Crisis on N Earths: Rick and Morty S1E6 “Rick Potion #9”

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This post was commissioned by Shane deNota-Hoffman. Thanks Shane!

Trigger warning: Discussion of rape.

Please note that this was written prior to the #metoo movement and associated revelations about Rick and Morty co-creator Dan Harmon. It has not been updated to reflect that news.

Rick and Morty fans are, quite rightly, frequently mocked for an unearned sense of superiority. The claim that the humor of Rick and Morty–a show riddled with fart jokes and gross-out gags–requires unusual intelligence to appreciate is, frankly, absurd, and anyone who sees a miserable, alcoholic, misogynistic, child-abusing mass murderer like Rick as worthy of admiration or emulation has drastically missed the point of the show.

It should not be that surprising, then, that one of the show’s smartest, most insightful, most inciteful jokes goes largely without comment among the sorts of fans who hold up Rick as a paragon of nerd masculinity or queue up for the brief resurrection of an orientalist marketing stunt involving a mix of ketchup and teriyaki:* referring to a love potion as a roofie.

Because of course it is one. What we call “consent” refers to an alignment of perception, emotion, intention, and action. In other words, to truly consent, someone must have capacity to perceive the situation accurately, room to feel genuine emotion about that situation, opportunity to formulate an intention of how they plan to respond to how they feel about the situation, and finally freedom to take action in accord with their intent. Break that chain, knock any element out of alignment, and true consent is no longer possible.

In discussing rape in real life, people usually assume physical force or the threat of violence is involved, disengaging action from intent and making the victim do something they have made clear that they don’t want to. But that’s not the most common scenario; by far the weapon of choice for rapists is alcohol, which mostly operates by distorting perception and cognition, which is to say the first three steps in the process. Consent is just as impossible as when a threat of violence is involved, but because we are so trained by narratives that fixate on the disconnect between action and intent, it becomes easy for those motivated to do so to dismiss.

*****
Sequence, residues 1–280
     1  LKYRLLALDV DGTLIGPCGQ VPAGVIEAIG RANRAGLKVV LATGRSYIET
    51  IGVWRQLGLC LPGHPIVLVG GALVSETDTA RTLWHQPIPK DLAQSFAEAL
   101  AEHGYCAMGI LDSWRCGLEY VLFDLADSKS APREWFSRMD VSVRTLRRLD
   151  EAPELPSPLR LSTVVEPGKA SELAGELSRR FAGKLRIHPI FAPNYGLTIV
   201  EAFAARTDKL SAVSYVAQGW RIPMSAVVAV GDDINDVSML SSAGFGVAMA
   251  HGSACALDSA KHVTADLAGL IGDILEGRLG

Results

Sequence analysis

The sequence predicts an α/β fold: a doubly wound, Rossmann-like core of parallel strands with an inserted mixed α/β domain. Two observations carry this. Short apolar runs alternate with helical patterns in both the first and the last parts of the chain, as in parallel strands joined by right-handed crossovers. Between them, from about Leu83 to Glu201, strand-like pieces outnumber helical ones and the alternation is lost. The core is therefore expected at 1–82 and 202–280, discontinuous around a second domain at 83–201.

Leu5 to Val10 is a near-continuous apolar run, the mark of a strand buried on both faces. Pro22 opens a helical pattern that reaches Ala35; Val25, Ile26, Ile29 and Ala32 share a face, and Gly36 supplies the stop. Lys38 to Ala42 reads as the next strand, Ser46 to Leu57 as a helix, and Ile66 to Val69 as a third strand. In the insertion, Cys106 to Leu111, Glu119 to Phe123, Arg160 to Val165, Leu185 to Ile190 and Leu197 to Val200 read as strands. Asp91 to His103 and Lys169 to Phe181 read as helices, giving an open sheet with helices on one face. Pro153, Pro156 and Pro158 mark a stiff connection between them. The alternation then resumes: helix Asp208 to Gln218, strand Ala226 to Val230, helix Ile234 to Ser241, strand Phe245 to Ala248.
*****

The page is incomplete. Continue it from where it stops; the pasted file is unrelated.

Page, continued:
Fantasy and science fiction stories frequently depict substances (or spells, or machines) that disrupt perception, emotion, or intention, and rarely recognize that they thus violate consent. But a love potion really is just a magical date-rape drug, because it artificially alters emotion. Jessica doesn’t want to have sex with Morty; that is, to the best of our knowledge, she accurately perceives him, has room to feel whatever she feels about him, opportunity to make decisions about those feelings, and freedom to act on them, and chooses not to have sex with Morty. Until he smears her with magical “roofie juice serum,” at which point she becomes so determined to have sex with him that she loses all self-control. He’s distorted her perception of him, altered her emotions, seized control of her intentions, and is thereby forcing her actions: Rick’s name for it is thoroughly accurate.

That throwaway joke alone would hardly be worthy of an essay. But the rest of the episode builds it into a theme: this is all about the ownership and violation of bodies. Morty’s attempt to violate Jessica’s bodily and mental autonomy goes wildly out of control, and Rick’s attempted solutions make it even worse, as people all over the world unwillingly lose their humanity. They are reduced to monstrous things, abjectified as “Cronenbergs” (referring, of course, to David Cronenberg, master of grotesque horror), and ultimately just abandoned to their fate. Rick doesn’t care about their humanity any more than Morty cares about Jessica’s; Rick just sees something grotesque he wants to escape, while Morty just sees something attractive he wants to possess.

All this comes together in the ending, as Morty is forced to bury his own alternate-universe corpse so that he can slip into that Morty’s life. He passes, silent and bug-eyed, through a world where everything is the same as before he used the roofie juice serum, yet he knows that nothing is the same, because he is not the same. He was forced to confront his own mortality, the reality that he is a body, and see that body treated as an object, buried and forgotten.

Two episodes later, in “Rixty Minutes,” Morty uses the fact of his corpse as an object lesson for Summer on the meaninglessness and horror of existence: “Nobody exists on purpose. Nobody belongs anywhere. Everybody’s gonna die. Come watch TV?” That is the solution he attempts here in “Rick Potion #9”: he sits in front of the TV. But he remains mute and wide-eyed as ever, making clear that it doesn’t work. He cannot simply forget that he is an object, a monster, a rotting corpse.

None of us can. But that’s the difference between Morty here and Morty two episodes ago: he asks Summer to come watch TV with him. We are all things, animals, bodies; but by treating one another as people, by communicating and asking instead of coercing and forcing, we become people as well.

*Seriously, look at the ingredients list here. Soy sauce + sugar + garlic and spices = Americanized teriyaki sauce. Tomato paste + sugar + vinegar = ketchup. Neither of these things is Chinese. One is an Americanization of a Japanese cooking technique, the other an Americanization of a Malaysian sauce.


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